Montana is one of the largest states in the Union, with one of the lowest population densities. This makes it one of the first places many people think of when they consider a move to somewhere with more space and less crowding.
From condos, townhomes, and duplexes in some of the larger towns to single family houses with land, there are many housing options across the state.
Why Move to Montana
Whether you’re looking to leave at the foot of the stunning peaks in the western part of the state or in the more temperate east, looking through our listings will help you find the best and most affordable homes for rent in Montana.
The top reason that people give for moving to Montana is its natural beauty. Some people visit and fall in love and others just see photos and video, picture themselves living life away from the rat race, and decide to move. Others have ties to the state through family, jobs, or college and decide to move closer or stay on after visiting for a while.
Still others move for the hunting, fishing, and outdoor recreation or because Montana is one of the few states in the nation where large tracts of land are still available. Whatever your reason for moving to Montana, there are a few things that will make moving there easier.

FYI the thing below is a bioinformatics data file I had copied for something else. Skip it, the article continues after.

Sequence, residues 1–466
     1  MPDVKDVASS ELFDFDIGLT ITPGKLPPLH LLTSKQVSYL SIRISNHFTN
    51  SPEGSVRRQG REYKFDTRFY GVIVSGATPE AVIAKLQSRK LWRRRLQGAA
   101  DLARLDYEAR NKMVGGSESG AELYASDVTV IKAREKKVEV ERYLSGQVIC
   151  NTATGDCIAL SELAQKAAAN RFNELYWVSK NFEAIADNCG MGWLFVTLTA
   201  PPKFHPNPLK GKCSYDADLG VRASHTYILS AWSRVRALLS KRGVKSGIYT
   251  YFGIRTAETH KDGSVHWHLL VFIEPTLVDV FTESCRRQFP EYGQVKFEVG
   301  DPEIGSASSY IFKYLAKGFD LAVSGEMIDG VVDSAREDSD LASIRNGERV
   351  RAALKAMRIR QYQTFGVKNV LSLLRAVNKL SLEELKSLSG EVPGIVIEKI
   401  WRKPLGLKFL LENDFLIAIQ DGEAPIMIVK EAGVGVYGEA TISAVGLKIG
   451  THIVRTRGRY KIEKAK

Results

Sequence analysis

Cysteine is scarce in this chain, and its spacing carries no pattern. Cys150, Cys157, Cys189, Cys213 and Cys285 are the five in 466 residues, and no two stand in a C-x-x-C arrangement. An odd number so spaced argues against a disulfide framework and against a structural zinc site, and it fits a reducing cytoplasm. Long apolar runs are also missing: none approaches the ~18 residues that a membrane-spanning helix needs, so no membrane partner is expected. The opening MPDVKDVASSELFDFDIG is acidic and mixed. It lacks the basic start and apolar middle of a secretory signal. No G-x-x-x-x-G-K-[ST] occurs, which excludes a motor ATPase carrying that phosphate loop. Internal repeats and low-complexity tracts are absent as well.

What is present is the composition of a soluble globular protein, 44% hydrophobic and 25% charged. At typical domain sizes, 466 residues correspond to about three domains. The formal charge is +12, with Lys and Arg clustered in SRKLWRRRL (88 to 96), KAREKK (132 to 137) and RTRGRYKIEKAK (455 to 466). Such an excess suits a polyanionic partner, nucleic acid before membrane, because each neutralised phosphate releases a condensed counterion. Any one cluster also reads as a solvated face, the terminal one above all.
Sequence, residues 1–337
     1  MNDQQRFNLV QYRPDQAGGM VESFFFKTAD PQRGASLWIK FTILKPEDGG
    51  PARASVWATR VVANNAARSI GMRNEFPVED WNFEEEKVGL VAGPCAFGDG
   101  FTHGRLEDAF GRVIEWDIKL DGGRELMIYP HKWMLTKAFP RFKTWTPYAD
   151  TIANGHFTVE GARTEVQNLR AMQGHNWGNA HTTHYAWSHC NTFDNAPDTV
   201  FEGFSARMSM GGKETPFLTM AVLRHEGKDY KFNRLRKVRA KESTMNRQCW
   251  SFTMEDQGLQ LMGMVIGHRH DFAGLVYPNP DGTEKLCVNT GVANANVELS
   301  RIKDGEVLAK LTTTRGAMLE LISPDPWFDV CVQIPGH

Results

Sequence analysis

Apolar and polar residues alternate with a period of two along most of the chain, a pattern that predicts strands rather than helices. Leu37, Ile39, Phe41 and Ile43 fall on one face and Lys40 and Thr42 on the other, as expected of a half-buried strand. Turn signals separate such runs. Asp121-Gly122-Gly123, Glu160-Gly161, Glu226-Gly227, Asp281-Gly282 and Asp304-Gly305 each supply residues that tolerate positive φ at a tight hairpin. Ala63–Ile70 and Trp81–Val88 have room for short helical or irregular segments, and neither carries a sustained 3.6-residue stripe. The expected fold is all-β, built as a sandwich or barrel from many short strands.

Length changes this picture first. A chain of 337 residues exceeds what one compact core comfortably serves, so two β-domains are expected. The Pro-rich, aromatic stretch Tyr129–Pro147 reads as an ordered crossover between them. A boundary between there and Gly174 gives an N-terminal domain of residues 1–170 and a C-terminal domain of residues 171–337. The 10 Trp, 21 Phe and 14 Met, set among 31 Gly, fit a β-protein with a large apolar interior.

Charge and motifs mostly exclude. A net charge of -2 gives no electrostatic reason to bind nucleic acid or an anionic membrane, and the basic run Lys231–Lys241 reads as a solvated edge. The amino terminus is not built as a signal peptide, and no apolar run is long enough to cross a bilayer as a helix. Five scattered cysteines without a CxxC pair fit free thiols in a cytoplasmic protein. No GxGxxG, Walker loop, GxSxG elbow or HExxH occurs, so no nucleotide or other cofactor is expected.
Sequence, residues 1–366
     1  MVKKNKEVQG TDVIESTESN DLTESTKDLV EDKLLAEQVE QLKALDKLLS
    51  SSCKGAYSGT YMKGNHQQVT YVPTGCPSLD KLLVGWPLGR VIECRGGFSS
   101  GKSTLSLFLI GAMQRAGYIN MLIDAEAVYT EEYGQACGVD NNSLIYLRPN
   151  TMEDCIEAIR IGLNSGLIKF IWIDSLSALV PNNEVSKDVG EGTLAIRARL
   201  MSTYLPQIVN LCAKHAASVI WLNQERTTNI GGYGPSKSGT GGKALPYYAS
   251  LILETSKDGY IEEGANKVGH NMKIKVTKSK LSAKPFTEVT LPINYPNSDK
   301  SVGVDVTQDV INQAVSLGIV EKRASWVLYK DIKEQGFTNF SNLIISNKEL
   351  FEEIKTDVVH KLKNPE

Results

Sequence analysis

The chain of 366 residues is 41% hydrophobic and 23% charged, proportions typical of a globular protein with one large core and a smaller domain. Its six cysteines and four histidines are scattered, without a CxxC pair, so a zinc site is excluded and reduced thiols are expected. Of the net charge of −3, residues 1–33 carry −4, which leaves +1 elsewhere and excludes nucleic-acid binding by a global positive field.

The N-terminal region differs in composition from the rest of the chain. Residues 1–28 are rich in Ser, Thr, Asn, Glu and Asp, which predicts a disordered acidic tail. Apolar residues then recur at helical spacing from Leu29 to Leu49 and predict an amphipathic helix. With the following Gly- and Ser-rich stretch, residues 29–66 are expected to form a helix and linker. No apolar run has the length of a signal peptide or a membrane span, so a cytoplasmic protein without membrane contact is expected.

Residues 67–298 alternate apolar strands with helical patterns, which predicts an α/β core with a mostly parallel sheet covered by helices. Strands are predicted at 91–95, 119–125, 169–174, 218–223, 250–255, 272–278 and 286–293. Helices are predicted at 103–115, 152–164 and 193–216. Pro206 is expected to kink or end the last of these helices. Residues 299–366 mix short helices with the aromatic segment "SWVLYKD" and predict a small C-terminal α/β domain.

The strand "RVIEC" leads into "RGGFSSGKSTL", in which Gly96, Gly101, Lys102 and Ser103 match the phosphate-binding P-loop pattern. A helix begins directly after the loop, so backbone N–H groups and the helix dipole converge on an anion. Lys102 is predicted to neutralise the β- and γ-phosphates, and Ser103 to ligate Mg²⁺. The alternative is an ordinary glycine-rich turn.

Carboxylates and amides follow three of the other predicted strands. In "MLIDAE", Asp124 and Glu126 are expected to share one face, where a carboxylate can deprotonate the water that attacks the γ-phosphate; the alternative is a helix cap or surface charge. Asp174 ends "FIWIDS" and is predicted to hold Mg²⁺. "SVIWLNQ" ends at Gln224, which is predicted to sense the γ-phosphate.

Things to Know
Like any other relocation, it is important to have employment and housing figured out before you move. This is even more important in a state like Montana because jobs can be hard to find and often pay less than in other, more densely populated states – some locals refer to this as the “Wilderness Tax”. Work is easier to find in places like Bozeman and Kalispell, but the cost of housing and other living expenses are higher there as well. Many newcomers to Montana show up without a solid job or plan, and these people usually end up leaving within a few years. Avoid that problem by searching for housing first and then making sure you will be able to earn enough to cover your expenses.
Another thing to keep in mind, especially if you are moving from a warmer or more populated area, is the weather and terrain. Expect lots of ice and snow in winter, which means keeping a set of snow tires or chains for your vehicle and possibly taking vitamin D in winter to counteract the effects of short days and long, dark nights. Also learn from the locals how to be safe in case you run across bears, elk, or other wildlife and what sort of emergency supplies you should keep in your vehicle.
Renting in Montana
Landlord and Tenant Rules in Montana are governed by three different laws – the Landlord Tenant Act, the Security Deposit Act, and the Mobile Home act. The full text of these are linked below, but the Montana Renter's Rights & Duties Handbook, a guide from the Montana Supreme Court & Legal Services Association, provides a good review of them.